Movie : Vivekam
Director : Siruthai Siva
Producer : Sathya Jyothi Films
Music : Anirudh Ravichander
Cast : Ajith Kumar, Vivek Oberoi, Kajal Aggarwal, Akshara Haasan
Release Date: 24th August 2017
Rate : 2.5/5
Kollywood star Ajith’s Vivegam is dubbed into Telugu as Vivekam and has hit the theaters. Directed by Siva, the film stars Kajal Aggarwal as the female lead and Bollywood actor Vivek Oberoi as the prime antagonist. After Veeram and Vedalam , this is the third time when both Ajith and Siva teamed up for this film. Let’s see the storyline.
Story: Ajay Kumar alias AK (Ajith), an upright and fierce agent working for a counter terrorism agency set in Eastern Europe, is suspected to have gone rouge . He is totally devoted and madly in the love of his wife (Kajal Aggarwal) who is expecting their first baby. AK‘s close buddy Arayan (Vivek Oberoi), is on a mission to capture Natasha (Akshara Haasan), a brilliant hacker who has codes to launch deadly nuclear weapons. During the mission AK gets betrayed by his trusted colleagues including Arayan, who frames him. How AK fights back and takes revenge forms rest of the story.
Performance: The Major highlight of the film is Ajith. He delivered an electrifying performance. He is a one man army, and carries the whole film on his shoulders. He has undergone a physical transformation and he looks look and specially in daredevil stunts scenes. His way of dialogue delivery impresses the audiences. Kajal Aggarwal gets a meaty role. She looks beautiful and impresses most of the times. Vivek Oberoi as the antagonist is appealing in the first half but post-interval his characterization goes weak. Vivek’s the dubbing voice and modulations were a mismatch. Akshara Haasan plays the role of a hacker and she got less screen space but plays well. Karunakaran's role seemed to be ended abruptly. The rest of the cast perform accordingly.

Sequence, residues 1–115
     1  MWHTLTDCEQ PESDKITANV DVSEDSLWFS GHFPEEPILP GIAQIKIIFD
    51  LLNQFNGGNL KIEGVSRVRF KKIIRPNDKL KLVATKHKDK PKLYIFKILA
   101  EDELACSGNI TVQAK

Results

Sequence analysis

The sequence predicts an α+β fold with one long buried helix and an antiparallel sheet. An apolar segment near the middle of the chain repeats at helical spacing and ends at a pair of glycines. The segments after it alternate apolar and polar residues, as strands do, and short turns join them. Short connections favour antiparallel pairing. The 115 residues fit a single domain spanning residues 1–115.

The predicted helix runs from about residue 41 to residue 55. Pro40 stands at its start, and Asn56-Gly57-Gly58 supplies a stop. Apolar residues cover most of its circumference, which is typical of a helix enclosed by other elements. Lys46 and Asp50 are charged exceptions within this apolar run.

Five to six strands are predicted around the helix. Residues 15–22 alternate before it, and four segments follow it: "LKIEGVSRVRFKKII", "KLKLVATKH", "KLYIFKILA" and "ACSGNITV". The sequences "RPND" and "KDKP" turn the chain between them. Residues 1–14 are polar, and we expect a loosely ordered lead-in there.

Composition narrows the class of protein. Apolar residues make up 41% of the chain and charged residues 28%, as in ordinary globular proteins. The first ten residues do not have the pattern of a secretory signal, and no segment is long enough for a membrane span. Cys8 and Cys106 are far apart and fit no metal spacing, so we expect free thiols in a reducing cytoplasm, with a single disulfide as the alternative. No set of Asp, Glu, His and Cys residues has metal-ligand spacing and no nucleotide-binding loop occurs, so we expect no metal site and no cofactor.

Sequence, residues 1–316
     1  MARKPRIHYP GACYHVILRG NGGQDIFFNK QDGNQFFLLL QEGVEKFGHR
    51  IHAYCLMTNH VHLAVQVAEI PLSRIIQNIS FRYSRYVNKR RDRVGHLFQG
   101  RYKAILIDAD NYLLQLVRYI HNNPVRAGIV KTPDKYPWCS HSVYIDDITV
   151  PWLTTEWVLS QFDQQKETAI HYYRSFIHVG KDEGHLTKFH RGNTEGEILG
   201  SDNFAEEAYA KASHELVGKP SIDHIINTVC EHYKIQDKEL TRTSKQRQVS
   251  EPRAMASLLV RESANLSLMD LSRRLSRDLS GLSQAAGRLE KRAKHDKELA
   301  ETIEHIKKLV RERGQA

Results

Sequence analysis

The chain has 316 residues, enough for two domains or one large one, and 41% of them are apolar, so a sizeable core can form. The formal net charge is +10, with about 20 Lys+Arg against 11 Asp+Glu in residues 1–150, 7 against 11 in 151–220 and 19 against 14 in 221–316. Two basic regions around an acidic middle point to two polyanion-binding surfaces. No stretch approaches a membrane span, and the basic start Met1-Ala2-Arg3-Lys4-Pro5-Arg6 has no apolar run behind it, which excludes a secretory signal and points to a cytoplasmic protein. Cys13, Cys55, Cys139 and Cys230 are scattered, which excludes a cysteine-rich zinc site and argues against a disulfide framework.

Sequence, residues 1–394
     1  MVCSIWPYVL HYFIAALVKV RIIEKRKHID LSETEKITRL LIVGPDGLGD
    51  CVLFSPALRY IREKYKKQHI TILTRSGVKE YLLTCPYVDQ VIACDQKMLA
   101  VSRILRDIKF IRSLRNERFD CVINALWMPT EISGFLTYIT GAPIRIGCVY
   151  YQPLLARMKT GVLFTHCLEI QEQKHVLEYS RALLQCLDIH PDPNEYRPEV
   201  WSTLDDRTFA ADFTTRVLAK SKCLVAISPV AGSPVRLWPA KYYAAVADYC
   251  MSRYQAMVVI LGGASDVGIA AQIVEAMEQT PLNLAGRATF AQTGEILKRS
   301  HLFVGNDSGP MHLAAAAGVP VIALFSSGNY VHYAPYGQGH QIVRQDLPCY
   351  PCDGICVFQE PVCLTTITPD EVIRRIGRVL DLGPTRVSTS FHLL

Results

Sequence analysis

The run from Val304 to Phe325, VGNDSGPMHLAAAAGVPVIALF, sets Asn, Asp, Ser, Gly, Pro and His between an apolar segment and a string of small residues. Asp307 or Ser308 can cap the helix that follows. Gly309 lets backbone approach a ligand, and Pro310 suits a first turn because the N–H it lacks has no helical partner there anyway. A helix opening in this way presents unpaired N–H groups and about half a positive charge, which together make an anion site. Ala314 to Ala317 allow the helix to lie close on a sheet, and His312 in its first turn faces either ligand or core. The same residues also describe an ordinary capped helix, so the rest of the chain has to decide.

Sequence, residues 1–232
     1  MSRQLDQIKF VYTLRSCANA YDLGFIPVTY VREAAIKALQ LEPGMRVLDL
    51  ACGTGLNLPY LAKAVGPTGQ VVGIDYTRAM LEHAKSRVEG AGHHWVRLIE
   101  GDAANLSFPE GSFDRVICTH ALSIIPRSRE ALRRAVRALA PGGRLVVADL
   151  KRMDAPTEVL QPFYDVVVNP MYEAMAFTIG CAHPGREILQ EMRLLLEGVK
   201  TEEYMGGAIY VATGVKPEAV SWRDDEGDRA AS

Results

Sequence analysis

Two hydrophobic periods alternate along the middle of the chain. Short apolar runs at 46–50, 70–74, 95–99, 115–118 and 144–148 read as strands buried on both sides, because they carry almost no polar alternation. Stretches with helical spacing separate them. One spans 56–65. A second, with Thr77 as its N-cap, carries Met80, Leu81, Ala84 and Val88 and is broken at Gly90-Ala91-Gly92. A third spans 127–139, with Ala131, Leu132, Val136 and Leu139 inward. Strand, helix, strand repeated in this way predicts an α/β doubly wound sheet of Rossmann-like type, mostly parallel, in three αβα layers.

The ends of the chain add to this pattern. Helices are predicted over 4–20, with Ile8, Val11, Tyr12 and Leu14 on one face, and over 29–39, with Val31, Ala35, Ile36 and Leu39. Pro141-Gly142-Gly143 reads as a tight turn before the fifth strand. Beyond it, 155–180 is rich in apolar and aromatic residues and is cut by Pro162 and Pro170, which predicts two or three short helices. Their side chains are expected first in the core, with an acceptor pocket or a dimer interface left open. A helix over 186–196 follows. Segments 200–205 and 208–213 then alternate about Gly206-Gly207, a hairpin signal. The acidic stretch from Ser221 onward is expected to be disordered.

Technical: Production values are top notch and all the songs have been shot lavishly. Anirudh Ravichander's songs and background score, Vetri's picturisation, exotic locales, choreography of action and stunt, punch dialogues are highlighted. Anirudh’s music elevates Ajith character in the fights, and climax is extraordinary. A bike-chase scene featuring Ajith Kumar is adrenaline pumping and shot superbly. Editing is quite disappointing as a number of scenes could have been chopped off in the first half. Shiva managed to add decent Tamil flavour to this film, but lost out on the plot making it quite routine.
Analysis: Overall Vivekam is an out and out Ajith film. His dialogues, stunts and star power will be liked his fans immensely. Vivekam is largely targeted at Ajith fans, and it lacks logic. All spy films are used to be loaded with action, special effects, and car chase sequences. Vivekam does contain those things, but they are in a forced and less effective manner. Over hero glorifying, and unnatural dialogues in Europe sounded artificial at several places. The true skill of a film maker comes out when he makes a complex film simple, but here a simple story is made in a complicated fashion that some might find it hard to absorb.